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whole


  3  definitions  found 
 
  From  Webster's  Revised  Unabridged  Dictionary  (1913)  [web1913]: 
 
  Whole  \Whole\,  a.  [OE.  hole,  hol,  hal,  hool,  AS  h[=a]l  well 
  sound,  healthy;  akin  to  OFries  &  OS  h?l,  D.  heel,  G.  heil, 
  Icel.  heill,  Sw  hel  whole,  Dan.  heel,  Goth.  hails  well 
  sound,  OIr.  c?l  augury.  Cf  {Hale},  {Hail}  to  greet,  {Heal} 
  to  cure,  {Health},  {Holy}.] 
  1.  Containing  the  total  amount,  number,  etc.;  comprising  all 
  the  parts  free  from  deficiency;  all  total;  entire;  as 
  the  whole  earth;  the  whole  solar  system;  the  whole  army; 
  the  whole  nation.  ``On  their  whole  host  I  flew  unarmed.'' 
  --Milton. 
 
  The  whole  race  of  mankind.  --Shak. 
 
  2.  Complete;  entire;  not  defective  or  imperfect;  not  broken 
  or  fractured;  unimpaired;  uninjured;  integral;  as  a  whole 
  orange;  the  egg  is  whole;  the  vessel  is  whole. 
 
  My  life  is  yet  whole  in  me  --2  Sam.  i.  9. 
 
  3.  Possessing,  or  being  in  a  state  of  heath  and  soundness; 
  healthy;  sound;  well 
 
  [She]  findeth  there  her  friends  hole  and  sound. 
  --Chaucer. 
 
  They  that  be  whole  need  not  a  physician.  --Matt.  ix 
  12. 
 
  When  Sir  Lancelot's  deadly  hurt  was  whole. 
  --Tennyson. 
 
  {Whole  blood}.  (Law  of  Descent)  See  under  {Blood},  n.,  2. 
 
  {Whole  note}  (Mus.),  the  note  which  represents  a  note  of 
  longest  duration  in  common  use  a  semibreve. 
 
  {Whole  number}  (Math.),  a  number  which  is  not  a  fraction  or 
  mixed  number;  an  integer. 
 
  {Whole  snipe}  (Zo["o]l.),  the  common  snipe,  as  distinguished 
  from  the  smaller  jacksnipe.  [Prov.  Eng.] 
 
  Syn:  All  total;  complete;  entire;  integral;  undivided; 
  uninjured;  unimpaired;  unbroken;  healthy. 
 
  Usage:  {Whole},  {Total},  {Entire},  {Complete}.  When  we  use 
  the  word  whole,  we  refer  to  a  thing  as  made  up  of 
  parts  none  of  which  are  wanting;  as  a  whole  week;  a 
  whole  year;  the  whole  creation.  When  we  use  the  word 
  total,  we  have  reference  to  all  as  taken  together,  and 
  forming  a  single  totality;  as  the  total  amount;  the 
  total  income.  When  we  speak  of  a  thing  as  entire,  we 
  have  no  reference  to  parts  at  all  but  regard  the 
  thing  as  an  integer,  i.  e.,  continuous  or  unbroken; 
  as  an  entire  year;  entire  prosperity.  When  we  speak 
  of  a  thing  as  complete,  there  is  reference  to  some 
  progress  which  results  in  a  filling  out  to  some  end  or 
  object,  or  a  perfected  state  with  no  deficiency;  as 
  complete  success;  a  complete  victory. 
 
  All  the  whole  army  stood  agazed  on  him  --Shak. 
 
  One  entire  and  perfect  chrysolite.  --Shak. 
 
  Lest  total  darkness  should  by  night  regain  Her 
  old  possession,  and  extinguish  life.  --Milton.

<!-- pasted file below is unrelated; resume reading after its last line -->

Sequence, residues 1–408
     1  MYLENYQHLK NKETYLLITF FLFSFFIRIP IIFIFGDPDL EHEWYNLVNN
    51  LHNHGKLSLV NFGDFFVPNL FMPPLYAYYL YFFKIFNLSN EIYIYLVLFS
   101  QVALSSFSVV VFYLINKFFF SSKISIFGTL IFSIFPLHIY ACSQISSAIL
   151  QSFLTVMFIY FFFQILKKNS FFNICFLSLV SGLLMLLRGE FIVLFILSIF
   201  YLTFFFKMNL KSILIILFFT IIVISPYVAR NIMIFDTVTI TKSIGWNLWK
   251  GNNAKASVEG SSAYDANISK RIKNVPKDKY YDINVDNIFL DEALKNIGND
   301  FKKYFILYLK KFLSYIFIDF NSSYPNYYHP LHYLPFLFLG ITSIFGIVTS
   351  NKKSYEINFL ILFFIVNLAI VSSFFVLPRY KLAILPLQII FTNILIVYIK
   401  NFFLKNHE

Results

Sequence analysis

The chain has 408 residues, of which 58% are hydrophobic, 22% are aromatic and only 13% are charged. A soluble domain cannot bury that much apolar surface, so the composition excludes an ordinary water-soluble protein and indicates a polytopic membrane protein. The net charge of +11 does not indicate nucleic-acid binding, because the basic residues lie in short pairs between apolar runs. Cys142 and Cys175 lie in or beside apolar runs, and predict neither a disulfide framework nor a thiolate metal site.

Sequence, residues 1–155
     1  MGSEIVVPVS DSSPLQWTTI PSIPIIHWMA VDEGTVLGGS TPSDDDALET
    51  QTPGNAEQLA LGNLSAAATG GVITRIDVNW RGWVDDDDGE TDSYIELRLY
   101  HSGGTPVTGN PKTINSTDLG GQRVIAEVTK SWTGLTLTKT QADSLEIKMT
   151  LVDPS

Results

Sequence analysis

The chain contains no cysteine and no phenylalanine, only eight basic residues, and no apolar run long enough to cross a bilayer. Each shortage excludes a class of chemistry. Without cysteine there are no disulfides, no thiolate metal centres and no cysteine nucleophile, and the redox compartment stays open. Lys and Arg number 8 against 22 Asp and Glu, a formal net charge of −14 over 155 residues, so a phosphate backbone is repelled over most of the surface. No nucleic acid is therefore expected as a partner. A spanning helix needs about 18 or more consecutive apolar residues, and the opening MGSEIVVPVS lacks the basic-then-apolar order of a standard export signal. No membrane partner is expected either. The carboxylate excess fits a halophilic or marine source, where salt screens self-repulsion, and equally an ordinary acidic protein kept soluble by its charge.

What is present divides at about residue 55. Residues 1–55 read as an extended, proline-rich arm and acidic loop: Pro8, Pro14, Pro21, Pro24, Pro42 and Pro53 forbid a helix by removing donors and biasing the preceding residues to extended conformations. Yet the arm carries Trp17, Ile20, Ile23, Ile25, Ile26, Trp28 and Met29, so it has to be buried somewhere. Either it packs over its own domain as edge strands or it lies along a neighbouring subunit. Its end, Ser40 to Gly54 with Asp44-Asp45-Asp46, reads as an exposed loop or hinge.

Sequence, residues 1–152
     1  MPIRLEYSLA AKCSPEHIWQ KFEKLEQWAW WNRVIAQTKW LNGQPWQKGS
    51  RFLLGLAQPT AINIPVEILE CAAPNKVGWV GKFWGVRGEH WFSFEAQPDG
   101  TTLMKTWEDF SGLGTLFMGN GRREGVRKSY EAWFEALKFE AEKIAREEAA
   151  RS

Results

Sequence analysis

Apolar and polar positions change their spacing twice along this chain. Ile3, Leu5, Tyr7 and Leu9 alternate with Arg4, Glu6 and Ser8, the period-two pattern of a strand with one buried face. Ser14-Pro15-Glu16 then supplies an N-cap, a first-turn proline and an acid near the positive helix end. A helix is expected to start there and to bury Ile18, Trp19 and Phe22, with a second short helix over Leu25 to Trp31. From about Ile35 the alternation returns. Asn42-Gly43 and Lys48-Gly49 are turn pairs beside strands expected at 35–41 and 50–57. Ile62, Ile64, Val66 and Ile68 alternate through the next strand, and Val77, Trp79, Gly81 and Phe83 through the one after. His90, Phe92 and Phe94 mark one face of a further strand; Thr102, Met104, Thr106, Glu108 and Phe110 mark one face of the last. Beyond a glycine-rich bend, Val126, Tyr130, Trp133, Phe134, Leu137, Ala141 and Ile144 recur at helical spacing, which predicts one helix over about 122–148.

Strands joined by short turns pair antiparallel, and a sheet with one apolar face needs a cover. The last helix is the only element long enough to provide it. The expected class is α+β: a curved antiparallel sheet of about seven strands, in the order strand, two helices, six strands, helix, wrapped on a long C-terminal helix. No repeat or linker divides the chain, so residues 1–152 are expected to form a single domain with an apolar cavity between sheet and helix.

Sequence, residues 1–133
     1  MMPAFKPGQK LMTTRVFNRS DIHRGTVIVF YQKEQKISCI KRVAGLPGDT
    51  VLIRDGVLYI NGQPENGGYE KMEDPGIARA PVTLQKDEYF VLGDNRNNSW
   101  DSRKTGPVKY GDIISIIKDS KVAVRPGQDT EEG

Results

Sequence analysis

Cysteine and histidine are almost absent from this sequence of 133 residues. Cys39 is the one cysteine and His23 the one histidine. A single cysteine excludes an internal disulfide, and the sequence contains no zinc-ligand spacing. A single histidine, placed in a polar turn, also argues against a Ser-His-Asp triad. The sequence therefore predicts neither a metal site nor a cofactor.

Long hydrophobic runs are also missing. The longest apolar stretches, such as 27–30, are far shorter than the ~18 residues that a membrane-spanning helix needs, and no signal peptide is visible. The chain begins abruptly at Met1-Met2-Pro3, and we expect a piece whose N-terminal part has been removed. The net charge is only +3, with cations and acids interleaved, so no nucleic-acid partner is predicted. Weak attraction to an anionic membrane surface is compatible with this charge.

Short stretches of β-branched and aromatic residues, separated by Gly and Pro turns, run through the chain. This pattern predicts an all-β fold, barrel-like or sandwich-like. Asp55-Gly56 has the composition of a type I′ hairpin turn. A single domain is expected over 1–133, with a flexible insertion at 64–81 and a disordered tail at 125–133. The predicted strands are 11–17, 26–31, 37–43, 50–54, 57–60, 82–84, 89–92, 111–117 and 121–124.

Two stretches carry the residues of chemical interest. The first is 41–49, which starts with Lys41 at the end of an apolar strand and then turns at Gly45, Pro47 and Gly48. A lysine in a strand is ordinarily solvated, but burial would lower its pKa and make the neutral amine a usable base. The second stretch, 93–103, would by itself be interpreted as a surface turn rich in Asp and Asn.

So  absolute  she  seems  And  in  herself  complete. 
  --Milton. 
 
  From  Webster's  Revised  Unabridged  Dictionary  (1913)  [web1913]: 
 
  Whole  \Whole\,  n. 
  1.  The  entire  thing  the  entire  assemblage  of  parts 
  totality;  all  of  a  thing  without  defect  or  exception;  a 
  thing  complete  in  itself 
 
  ``This  not  the  whole  of  life  to  live,  Nor  all  of 
  death  to  die.  --J. 
  Montgomery. 
 
  2.  A  regular  combination  of  parts  a  system. 
 
  Parts  answering  parts  shall  slide  into  a  whole. 
  --Pope. 
 
  {Committee  of  the  whole}.  See  under  {Committee}. 
 
  {Upon  the  whole},  considering  all  things  taking  everything 
  into  account;  in  view  of  all  the  circumstances  or 
  conditions. 
 
  Syn:  Totality;  total;  amount;  aggregate;  gross. 
 
  From  WordNet  r  1.6  [wn]: 
 
  whole 
  adj  1:  including  all  components  without  exception;  being  one  unit 
  or  constituting  the  full  amount  or  extent  or  duration; 
  complete;  "gave  his  whole  attention";  "a  whole 
  wardrobe  for  the  tropics";  "the  whole  hog";  "a  whole 
  week";  "the  baby  cried  the  whole  trip  home";  "a  whole 
  loaf  of  bread"  [ant:  {fractional}] 
  2:  (of  siblings)  having  the  same  parents;  "whole  brothers  and 
  sisters"  [ant:  {half}] 
  3:  exhibiting  or  restored  to  vigorous  good  health;  "hale  and 
  hearty";  "whole  in  mind  and  body";  "a  whole  person  again" 
  [syn:  {hale}] 
  n  1:  all  of  something  including  all  its  component  elements  or 
  parts  "Europe  as  a  whole";  "the  whole  of  American 
  literature" 
  2:  an  assemblage  of  parts  that  is  regarded  as  a  single  entity; 
  "how  big  is  that  part  compared  to  the  whole?";  "the 
  repairman  simply  replaced  the  unit"  [syn:  {whole  thing},  {unit}] 
  adv  :  to  a  complete  degree  or  to  the  full  or  entire  extent;  "he 
  was  wholly  convinced";  "entirely  satisfied  with  the 
  meal";  "it  was  completely  different  from  what  we 
  expected";  "was  completely  at  fault";  "a  totally  new 
  situation";  "the  directions  were  all  wrong";  "It  was 
  not  altogether  her  fault";  "an  altogether  new 
  approach";  (`whole'  is  often  used  informally  for 
  `wholly'  as  in  "a  whole  new  idea")  [syn:  {wholly},  {entirely}, 
  {completely},  {totally},  {all},  {altogether}]  [ant:  {partly}] 




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